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Born on March 20, 1989, Tamim Iqbal is one of the backbone of Bangladesh’s little success in international cricket along with Shakib Al Hasan and Mushfiqur Rahim. Abhijit Banare presents a career profile of the talented left-handed opener.
There is a different sense of joy in watching talented players ease through even in the most challenging circumstances. While some go on to convert the challenge into great attitude to become legends, some of them struggle to break the shackles in search of the elusive consistency. Tamim Iqbal is still making the transition and still has time at hands to make amends and be Bangladesh‘s best cricketer.
Coming close to the game was not a big task. When you have an uncle and an elder brother in national colours to look up to, the motivation to fight for a place only becomes more sweeter. The boost to Bangladesh came with the 1996 World Cup in the subcontinent and many like Tamim took up cricket actively. His uncle Akram Khan had famously secured Bangladesh’s berth in the 1999 World Cup leading the team in the qualifiers in the 1997 ICC Trophy held in Malaysia. Under the guidance of uncle and his brother Nafees, four years elder to him, Tamim grew swiftly. He made his presence felt in the Under-19 World Cup of 2006 with a sparkling ton against England. Amidst gifted talent, young Tamim also had to cope with the loss of his father Iqbal Khan when the batsman was 11-years old.
Tamim made it to the Bangladesh Under-17s and Chittagong Under-19s and progressed gradually. His first big score was against the Malaysia Under-17s where he hit 105. His good run of scores continued which included a 112 against England-19s. The 2006 Under-19 World Cup though wasn’t a memorable one. He scored a ton in the warm-up match against USA but didn’t fire in the league match. But the opener had caught the eyes of the selectors.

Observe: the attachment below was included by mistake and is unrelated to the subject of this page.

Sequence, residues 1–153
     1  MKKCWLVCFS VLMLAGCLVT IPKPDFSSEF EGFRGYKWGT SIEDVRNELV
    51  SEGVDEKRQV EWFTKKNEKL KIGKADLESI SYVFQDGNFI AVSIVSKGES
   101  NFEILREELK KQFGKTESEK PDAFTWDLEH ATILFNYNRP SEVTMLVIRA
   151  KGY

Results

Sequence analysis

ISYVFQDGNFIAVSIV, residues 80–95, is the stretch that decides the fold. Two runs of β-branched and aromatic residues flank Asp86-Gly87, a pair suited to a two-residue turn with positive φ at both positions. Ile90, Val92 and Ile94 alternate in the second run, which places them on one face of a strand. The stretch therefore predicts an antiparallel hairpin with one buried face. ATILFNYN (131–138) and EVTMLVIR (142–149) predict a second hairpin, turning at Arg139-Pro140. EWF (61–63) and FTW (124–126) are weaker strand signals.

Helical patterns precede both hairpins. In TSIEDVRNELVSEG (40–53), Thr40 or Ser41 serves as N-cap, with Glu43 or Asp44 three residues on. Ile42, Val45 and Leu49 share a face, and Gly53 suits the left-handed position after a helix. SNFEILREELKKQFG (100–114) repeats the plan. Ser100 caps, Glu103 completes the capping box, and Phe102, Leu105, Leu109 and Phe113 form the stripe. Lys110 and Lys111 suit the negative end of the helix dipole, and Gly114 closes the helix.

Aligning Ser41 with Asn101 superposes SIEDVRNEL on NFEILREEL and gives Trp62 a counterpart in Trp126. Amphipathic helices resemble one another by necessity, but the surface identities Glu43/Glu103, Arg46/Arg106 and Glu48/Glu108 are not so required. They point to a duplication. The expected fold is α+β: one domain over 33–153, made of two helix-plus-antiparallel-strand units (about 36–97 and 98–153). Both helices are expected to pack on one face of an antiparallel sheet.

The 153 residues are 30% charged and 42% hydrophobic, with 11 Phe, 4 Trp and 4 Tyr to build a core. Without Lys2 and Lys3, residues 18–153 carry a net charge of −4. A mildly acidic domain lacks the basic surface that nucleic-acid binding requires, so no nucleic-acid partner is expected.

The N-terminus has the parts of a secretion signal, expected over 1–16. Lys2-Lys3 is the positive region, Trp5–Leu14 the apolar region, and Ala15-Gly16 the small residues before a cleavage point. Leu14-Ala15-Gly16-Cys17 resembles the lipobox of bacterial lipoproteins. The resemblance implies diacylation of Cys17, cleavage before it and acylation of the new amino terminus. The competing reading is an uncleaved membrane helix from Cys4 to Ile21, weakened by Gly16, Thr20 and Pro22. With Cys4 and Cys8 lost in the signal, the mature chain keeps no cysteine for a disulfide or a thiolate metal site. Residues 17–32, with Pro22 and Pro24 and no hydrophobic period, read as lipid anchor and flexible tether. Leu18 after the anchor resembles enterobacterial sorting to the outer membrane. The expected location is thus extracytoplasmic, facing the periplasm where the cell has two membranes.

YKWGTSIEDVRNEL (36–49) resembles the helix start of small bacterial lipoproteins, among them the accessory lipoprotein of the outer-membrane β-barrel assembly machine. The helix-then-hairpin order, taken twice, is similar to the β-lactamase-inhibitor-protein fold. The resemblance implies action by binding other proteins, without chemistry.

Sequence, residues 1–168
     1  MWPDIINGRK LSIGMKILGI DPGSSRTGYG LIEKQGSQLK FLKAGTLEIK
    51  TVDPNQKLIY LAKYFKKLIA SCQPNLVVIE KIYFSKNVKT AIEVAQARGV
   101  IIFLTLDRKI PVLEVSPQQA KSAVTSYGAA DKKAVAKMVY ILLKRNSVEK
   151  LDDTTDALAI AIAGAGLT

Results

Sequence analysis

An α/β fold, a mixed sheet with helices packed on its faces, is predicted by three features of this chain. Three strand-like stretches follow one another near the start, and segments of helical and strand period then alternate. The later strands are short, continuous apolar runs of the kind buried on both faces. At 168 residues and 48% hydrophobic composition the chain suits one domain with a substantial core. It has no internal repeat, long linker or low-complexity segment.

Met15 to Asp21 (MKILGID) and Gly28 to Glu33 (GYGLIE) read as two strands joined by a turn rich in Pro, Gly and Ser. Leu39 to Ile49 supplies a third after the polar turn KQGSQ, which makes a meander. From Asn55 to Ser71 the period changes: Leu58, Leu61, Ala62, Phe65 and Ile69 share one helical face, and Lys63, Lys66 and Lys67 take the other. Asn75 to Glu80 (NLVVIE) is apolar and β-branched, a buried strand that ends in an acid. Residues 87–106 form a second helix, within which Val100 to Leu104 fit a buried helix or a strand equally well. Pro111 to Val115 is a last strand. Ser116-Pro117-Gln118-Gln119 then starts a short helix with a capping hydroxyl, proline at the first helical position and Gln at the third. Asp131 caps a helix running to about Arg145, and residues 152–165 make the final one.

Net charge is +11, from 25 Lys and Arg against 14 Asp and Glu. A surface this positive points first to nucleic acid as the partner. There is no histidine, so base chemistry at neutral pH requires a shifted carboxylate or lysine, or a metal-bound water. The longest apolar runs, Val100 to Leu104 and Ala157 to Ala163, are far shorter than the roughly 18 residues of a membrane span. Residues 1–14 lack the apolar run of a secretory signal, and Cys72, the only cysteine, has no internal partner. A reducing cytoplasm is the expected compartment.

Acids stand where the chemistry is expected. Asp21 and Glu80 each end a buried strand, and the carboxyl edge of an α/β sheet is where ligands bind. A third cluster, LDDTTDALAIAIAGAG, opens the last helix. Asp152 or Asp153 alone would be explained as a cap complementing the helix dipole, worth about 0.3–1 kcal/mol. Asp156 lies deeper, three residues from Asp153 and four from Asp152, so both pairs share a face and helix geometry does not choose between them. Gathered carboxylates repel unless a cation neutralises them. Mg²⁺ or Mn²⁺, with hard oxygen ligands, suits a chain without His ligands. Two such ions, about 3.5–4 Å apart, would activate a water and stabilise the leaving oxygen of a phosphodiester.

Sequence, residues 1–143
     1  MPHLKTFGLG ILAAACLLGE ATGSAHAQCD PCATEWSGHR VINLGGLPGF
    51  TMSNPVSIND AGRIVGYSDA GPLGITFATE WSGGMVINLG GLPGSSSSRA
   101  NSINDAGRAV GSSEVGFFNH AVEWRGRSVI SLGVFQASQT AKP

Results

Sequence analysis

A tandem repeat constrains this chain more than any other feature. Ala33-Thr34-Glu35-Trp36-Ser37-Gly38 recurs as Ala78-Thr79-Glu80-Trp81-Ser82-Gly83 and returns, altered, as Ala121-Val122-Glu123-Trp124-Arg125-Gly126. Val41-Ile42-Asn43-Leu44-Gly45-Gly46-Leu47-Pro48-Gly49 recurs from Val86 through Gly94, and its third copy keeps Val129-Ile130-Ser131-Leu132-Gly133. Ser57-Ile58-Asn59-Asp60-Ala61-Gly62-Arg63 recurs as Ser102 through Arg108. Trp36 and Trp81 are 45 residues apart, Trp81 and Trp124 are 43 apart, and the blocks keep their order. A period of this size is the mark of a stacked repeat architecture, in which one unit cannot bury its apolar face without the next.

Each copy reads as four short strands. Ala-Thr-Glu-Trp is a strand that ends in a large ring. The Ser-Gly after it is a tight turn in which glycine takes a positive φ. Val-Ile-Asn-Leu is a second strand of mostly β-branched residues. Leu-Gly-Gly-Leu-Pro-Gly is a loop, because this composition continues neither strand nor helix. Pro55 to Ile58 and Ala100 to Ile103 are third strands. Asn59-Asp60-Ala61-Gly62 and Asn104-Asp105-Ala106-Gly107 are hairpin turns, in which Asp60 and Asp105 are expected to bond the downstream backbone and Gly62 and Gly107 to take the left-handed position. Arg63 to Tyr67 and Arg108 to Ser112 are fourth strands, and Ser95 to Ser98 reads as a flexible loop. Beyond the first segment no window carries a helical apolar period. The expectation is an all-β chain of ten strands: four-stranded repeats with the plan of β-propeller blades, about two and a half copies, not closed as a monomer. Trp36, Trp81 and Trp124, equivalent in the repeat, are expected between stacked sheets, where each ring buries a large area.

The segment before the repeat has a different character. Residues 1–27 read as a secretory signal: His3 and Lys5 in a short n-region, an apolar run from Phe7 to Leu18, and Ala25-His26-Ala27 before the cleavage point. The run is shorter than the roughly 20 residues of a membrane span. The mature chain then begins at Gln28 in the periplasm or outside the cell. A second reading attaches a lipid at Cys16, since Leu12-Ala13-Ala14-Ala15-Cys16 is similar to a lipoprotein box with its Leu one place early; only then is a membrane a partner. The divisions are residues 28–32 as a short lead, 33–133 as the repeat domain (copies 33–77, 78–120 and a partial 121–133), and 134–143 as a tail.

Style of play
This is one of the main reasons why Tamim is so popular. There have been many stylish strokemakers in Bangladesh, but there hasn’t been an out and out aggressive batsman. His attacking style of play has forced even the best pacers to err with their length. One of the strokes which has a unique identity of Tamim is the hop down the wicket and slapping the ball through mid-off and extra-cover. It has all the left-hander’s elegance filled in it. Like most batsmen, Tamim has a good bottom hand and as a result, his punches through backfoot are equally powerful to send the ball past boundary. His weakness though reminds you of what plagued a right-handed Virender Sehwag. Tamim’s tendency to go for the strokes on the up and away from the body, and limited feet movement against pacers often did him in.
Like with most aggressive batsmen, Tamim has been erratic and it reflects in his averages in the One-Day Internationals (ODIs) and Tests. For someone who opens the batting and has played over 100 ODIs, the average of around 30 doesn’t give a healthy record. Most subcontinent teams are reliant on their batting and it’s no different for Bangladesh. And Tamim has a lot to contribute. Like with most talented players, the selectors choose to persist with him having seen his potential. And Tamim surely has to manage his temperament to complement his gifted style of play.
An year after his Under-19 World Cup appearance, Tamim made it to the national team with the ODI debut against Zimbabwe in February 2007. He managed just five in his first innings for Bangladesh. The Test debut came a year later at Dunedin against New Zealand where he scored half centuries in both the innings. His impressive debut further enhanced his reputation as an opener. The T20 debut came in the same year against Kenya in a Quadrangular tournament where he managed 11.
Young Tamim humiliates India, March 2007
No Indian fan is ever going to forget the dusky day in the Caribbean Islands of March 2007. India were already under pressure to defend 191 they managed to post in their opening encounter. And Tamim added fore salt to injury taking on the team’s strike bowler, Zaheer Khan. Tamim was just 17 at the time but not short of any confidence. He was unperturbed by Zaheer’s short balls. With 55 from 53 balls, including seven boundaries and two sixes, Tamim had forced India to panic.
This was not the only occasion of Tamim’s brilliance against India. In the next edition of the World Cup, India took the sweet revenge by winning the encounter, not before Tamim smashed 70 and gave a scare once again.
His career-best Test performance so far has also come against India. In January 2010, in the second Test at Dhaka, Tamim scored 151 in the second innings. It was a pressure situation as Bangladesh were trailing by 233. But none of it disturbed Tamim as he went about exhibiting an array of strokes. The Zaheer-Tamim duel continued here as well; with the left-hander clobbering a few. It was Tamim’s second Test ton with the first one being scored a six months before against West Indies.